The term Five Eyes typically refers to a unique signals intelligence pooling club of three or four-letter acronymed agencies from Australia, Canada, New Zealand, the United Kingdom and the United States. But FVEY, as it is also known, is now also attached to a large and growing number of “special relationships” and transgovernmental policy networks that bind these five states in virtually all areas of defence, intelligence, and security.
Strong, Secure, Engaged – Canada’s reigning defence policy document – describes the Five Eyes as a “community,” as do numerous similar documents currently circulating in Canberra, London, Wellington, and even Washington. Viewed from Beijing, however, the Five Eyes is essentially a major anti-China alliance – a view now shared by Chinese Communist Party mouthpieces, Chinese embassies, and Chinese International Relations scholars alike.
Despite its centrality to many aspects of global politics – from defence diplomacy and emerging technology to the evolving role of major powers – the Five Eyes alliance remains relatively under-studied. At one level, this has to do with a deeply institutionalized level of secrecy. Indeed, before the Snowden disclosures in 2013, the community was of interest mainly to intelligence scholars and select journalists; for everyone else, the Five Eyes hovered between a known-unknown and unknown-unknown – that is, as an object of inquiry that was either utterly opaque or completely invisible. In fact, this once included the member states’ top leaders. As Desmond Ball and Jeffrey T. Richelson, two Five Eyes Studies pioneers, argued in their 1985 book, The Ties That Bind, it was only in 1973 that Australian prime ministers learned about this alliance – and their country’s participation in it.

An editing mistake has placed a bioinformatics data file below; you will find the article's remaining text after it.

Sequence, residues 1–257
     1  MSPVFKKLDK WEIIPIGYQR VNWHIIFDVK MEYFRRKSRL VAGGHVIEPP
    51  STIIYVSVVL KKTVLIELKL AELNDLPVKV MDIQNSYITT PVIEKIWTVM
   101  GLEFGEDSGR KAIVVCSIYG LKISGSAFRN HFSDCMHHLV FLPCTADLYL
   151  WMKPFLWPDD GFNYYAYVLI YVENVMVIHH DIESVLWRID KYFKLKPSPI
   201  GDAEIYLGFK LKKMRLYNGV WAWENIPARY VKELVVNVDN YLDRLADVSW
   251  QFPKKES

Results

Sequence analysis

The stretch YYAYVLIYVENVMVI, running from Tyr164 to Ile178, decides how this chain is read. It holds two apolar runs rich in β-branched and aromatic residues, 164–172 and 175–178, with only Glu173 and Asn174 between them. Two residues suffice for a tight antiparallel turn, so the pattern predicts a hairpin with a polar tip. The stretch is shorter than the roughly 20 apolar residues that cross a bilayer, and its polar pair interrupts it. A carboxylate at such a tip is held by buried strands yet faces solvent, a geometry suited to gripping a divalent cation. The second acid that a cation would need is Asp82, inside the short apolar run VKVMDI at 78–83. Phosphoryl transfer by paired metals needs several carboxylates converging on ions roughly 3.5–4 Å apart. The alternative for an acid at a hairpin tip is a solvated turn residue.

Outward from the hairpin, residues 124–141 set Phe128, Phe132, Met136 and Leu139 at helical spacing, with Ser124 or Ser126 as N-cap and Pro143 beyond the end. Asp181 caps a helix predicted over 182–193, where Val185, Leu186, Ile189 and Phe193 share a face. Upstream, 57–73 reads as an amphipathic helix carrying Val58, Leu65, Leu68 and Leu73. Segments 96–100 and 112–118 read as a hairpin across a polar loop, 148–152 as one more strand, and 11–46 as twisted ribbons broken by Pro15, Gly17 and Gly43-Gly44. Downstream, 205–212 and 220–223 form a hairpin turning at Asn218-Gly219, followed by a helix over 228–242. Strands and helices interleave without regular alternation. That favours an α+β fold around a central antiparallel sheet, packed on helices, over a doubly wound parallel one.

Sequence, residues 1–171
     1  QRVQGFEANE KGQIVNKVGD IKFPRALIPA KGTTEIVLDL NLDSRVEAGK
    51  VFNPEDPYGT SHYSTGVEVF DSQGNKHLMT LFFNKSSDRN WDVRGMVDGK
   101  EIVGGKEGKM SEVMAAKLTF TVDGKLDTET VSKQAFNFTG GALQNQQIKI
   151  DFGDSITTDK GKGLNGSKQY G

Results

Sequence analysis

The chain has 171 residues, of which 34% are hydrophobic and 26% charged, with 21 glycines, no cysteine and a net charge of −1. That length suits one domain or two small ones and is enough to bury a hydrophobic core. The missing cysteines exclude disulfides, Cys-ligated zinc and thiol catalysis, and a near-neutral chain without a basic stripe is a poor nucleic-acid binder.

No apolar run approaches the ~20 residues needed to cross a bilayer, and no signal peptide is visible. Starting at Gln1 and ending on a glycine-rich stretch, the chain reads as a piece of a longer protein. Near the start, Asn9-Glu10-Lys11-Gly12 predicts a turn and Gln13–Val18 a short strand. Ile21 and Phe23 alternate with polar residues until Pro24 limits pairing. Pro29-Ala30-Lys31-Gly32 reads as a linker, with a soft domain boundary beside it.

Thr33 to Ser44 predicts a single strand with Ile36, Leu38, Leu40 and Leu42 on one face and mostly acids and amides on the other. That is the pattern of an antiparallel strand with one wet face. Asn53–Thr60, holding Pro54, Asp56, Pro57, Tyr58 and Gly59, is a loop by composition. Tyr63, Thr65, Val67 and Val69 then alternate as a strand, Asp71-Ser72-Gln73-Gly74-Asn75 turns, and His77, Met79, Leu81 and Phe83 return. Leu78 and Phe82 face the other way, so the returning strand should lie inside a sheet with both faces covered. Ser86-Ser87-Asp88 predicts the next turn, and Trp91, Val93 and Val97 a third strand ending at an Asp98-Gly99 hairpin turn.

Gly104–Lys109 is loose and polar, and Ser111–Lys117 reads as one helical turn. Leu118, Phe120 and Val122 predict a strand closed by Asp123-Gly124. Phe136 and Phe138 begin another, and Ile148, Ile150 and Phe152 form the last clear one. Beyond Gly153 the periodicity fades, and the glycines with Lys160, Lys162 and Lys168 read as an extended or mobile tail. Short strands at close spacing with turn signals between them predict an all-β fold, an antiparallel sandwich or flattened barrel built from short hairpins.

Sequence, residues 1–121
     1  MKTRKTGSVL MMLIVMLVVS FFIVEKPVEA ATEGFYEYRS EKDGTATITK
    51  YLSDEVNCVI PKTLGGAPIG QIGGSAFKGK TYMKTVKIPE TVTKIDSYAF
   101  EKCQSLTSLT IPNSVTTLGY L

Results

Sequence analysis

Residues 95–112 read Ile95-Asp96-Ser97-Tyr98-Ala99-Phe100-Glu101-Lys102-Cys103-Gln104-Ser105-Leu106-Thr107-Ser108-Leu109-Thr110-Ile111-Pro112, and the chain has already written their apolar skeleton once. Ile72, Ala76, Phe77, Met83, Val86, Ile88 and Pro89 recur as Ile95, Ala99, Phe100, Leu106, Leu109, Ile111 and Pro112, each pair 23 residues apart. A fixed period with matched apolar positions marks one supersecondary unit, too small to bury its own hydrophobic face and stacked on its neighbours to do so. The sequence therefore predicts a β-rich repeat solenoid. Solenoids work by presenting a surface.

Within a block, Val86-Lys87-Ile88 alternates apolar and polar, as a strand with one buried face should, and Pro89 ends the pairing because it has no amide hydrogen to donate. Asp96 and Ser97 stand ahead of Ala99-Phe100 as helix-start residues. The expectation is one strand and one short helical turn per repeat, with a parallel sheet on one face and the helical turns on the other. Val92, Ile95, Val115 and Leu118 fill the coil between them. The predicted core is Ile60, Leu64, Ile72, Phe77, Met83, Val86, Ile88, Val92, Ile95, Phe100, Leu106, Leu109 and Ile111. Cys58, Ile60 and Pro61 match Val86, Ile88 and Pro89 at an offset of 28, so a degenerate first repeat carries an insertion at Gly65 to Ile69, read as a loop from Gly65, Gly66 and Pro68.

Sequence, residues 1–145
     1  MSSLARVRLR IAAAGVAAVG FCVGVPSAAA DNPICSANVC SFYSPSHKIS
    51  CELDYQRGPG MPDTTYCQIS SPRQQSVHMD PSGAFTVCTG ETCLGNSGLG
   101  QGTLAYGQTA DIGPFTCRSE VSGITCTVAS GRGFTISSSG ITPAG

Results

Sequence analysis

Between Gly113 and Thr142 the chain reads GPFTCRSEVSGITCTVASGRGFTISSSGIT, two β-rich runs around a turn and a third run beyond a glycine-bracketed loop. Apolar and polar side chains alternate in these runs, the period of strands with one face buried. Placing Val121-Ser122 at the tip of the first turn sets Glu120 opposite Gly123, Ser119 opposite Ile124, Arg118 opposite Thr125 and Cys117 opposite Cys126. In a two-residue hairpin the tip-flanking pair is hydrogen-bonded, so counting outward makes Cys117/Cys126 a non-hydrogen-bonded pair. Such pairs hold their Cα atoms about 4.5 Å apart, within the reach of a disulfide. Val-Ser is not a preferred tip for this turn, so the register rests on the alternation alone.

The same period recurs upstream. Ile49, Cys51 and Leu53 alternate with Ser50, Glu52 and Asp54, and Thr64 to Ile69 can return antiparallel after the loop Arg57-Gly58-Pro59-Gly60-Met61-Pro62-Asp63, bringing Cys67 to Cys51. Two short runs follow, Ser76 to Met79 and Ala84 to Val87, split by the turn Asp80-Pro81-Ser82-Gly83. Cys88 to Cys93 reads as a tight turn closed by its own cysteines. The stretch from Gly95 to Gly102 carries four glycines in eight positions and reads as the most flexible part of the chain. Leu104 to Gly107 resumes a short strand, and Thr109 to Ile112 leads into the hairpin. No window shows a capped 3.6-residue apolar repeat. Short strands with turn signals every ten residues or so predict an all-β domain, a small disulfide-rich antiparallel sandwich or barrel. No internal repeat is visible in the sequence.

Another reason behind the relative lack of scholarship is the object’s informal nature. As politicians and bureaucrats attached the term “security” to more and more “intermestic” issues, Five Eyes transgovernmental and transnational ties in policy, law, technology and science, grew in range and sophistication. But these network forms of organizations remain uncoordinated; the meetings of the “Five Nations Passport Group”, for example, have little to do to the Five Eyes’ defence ministers conferences, and vice versa. Together, however, all these quintuple ties produce powerful dynamics in contemporary security politics – not just in terms of relations between states, as Tim Legrand’s work has shown, but also within states and between non-state actors and assorted socio-technical settings.
The Five Eyes has also long been subject to generally unquestioned assumptions about the positive value of Five Eyes cooperation – assumptions rooted in the collective imagination of the vast majority of the publics in the member countries. So, while Snowden-style crises can and do break this trend somewhat, the “we-feelings” tend to re-establish themselves rather quickly. This, too, might have contributed to the alliance’s relative invisibility. It is therefore only by making the familiar – and the feel-good – strange that we can situate the Five Eyes with the temporal and spatial coordinates of “the Anglosphere,” let alone critically examine the ideological assumptions that underpin some of the categories and discourses we use to talk about these phenomena in world politics.
To find out more, visit the Centre for International Policy Studies website: Twitter Conference: Understanding the Five Eyes